In the Trump cult’s theology, Mr. Trump is a god with a dual nature: He is simultaneously the macho, swaggering hero and the eternal victim at the mercy of the same powerful forces — “elites” — that his followers believe themselves to be victimized by. Hence the insistent refrain: “When you say Trump is evil and foolish, you are saying that we who voted for him are evil and foolish.” That doesn’t follow logically, but this line of thinking is about divine transubstantiation, not politics. Mr. Trump’s proposition to his followers is straight from the Bible he has probably never read: “If the world hates you, keep in mind that it hated me first.”
That isn’t thinking for a political campaign — it is thinking for a personality cult. Yet the electoral fiascos of 2018, 2020 and 2022 raise the question of whether keeping the cult satisfied is worth it. A great deal of the psychological energy behind Stop the Steal is directed at changing the subject from the fact that the 2020 coalition was, after all, a losing partnership. It did not perform any better in 2022.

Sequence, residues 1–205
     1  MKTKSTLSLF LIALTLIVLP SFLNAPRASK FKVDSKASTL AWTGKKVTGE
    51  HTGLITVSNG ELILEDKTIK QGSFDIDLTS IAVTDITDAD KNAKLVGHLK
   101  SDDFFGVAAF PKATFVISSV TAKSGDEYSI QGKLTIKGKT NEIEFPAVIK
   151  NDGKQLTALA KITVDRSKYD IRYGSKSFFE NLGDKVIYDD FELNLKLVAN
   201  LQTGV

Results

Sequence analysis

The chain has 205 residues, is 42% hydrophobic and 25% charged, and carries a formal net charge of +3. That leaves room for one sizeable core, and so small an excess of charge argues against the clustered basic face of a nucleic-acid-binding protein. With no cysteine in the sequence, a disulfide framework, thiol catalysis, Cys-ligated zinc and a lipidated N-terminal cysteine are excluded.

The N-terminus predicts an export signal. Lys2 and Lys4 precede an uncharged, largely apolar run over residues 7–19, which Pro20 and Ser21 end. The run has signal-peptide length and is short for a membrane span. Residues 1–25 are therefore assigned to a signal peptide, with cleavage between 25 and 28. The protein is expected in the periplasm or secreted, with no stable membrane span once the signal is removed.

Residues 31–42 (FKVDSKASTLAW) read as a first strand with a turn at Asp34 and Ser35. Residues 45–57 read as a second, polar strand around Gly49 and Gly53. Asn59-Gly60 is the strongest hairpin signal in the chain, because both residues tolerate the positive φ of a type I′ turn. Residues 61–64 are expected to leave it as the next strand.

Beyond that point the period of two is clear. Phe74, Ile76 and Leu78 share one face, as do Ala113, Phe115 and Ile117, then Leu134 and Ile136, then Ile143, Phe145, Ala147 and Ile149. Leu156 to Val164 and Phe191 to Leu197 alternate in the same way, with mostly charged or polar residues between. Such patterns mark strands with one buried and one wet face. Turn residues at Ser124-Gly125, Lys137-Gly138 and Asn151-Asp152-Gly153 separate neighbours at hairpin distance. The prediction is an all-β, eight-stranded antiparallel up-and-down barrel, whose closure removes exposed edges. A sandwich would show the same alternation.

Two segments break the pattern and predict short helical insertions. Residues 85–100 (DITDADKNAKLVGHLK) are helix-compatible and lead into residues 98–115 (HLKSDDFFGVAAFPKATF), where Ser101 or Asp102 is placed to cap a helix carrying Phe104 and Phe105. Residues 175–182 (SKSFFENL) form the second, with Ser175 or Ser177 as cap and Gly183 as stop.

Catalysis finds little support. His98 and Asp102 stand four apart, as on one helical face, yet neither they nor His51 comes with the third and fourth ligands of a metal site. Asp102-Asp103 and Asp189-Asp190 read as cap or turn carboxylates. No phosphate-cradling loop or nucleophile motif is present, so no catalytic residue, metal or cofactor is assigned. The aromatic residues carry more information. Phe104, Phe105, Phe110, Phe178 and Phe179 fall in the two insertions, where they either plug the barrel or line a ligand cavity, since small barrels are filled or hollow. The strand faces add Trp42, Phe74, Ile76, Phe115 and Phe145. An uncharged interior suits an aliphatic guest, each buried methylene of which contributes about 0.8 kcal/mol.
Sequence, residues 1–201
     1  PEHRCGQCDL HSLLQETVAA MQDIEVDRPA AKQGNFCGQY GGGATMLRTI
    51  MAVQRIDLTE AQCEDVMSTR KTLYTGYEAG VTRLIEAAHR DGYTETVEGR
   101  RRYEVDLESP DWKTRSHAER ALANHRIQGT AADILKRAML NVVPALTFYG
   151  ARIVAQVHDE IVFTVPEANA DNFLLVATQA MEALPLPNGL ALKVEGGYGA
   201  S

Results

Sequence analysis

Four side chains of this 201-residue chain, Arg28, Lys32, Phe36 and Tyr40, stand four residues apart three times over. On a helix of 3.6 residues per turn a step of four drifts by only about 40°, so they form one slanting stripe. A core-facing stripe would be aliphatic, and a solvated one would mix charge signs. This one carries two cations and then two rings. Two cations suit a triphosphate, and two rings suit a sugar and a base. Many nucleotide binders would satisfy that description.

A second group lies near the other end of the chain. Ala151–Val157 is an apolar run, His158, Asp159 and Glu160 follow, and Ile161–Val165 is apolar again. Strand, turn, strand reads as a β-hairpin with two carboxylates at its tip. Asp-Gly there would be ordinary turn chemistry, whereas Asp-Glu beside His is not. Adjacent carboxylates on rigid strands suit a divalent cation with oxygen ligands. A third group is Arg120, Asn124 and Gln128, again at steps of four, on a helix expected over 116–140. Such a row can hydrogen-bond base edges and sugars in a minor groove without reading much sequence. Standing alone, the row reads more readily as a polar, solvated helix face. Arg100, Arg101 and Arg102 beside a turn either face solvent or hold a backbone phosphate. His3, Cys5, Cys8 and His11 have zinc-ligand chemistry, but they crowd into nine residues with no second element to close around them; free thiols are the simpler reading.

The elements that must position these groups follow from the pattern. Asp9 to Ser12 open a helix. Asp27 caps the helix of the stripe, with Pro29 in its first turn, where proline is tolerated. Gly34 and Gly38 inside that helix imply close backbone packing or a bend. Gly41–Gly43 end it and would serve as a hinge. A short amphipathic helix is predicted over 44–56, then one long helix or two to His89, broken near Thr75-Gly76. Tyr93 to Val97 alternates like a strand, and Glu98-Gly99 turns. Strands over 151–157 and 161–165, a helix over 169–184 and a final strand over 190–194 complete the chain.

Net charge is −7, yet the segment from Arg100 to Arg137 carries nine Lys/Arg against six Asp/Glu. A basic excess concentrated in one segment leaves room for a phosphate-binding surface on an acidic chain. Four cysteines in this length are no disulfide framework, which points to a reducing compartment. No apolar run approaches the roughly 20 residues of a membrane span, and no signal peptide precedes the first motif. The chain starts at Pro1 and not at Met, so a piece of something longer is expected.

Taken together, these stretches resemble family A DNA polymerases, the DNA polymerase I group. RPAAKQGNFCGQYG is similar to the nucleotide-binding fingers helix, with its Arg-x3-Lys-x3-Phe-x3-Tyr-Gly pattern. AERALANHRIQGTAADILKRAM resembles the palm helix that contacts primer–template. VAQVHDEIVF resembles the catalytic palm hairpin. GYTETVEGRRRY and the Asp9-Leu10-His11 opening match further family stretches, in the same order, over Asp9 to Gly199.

Still, if Mr. Trump jumps into the G.O.P. primary early, he must be considered the presumptive Republican front-runner. His competition may include Mr. DeSantis, who last week actually did win an election — in a blowout, no less — and is surely thinking about the best way to kneecap Mr. Trump. No doubt Mr. DeSantis is thinking about the 2016 example of his fellow Floridian Senator Marco Rubio, who went all in on a rhetorical assault on Mr. Trump in the Republican primary and succeeded only in sidelining himself, a classic case of trying to kill the king and failing.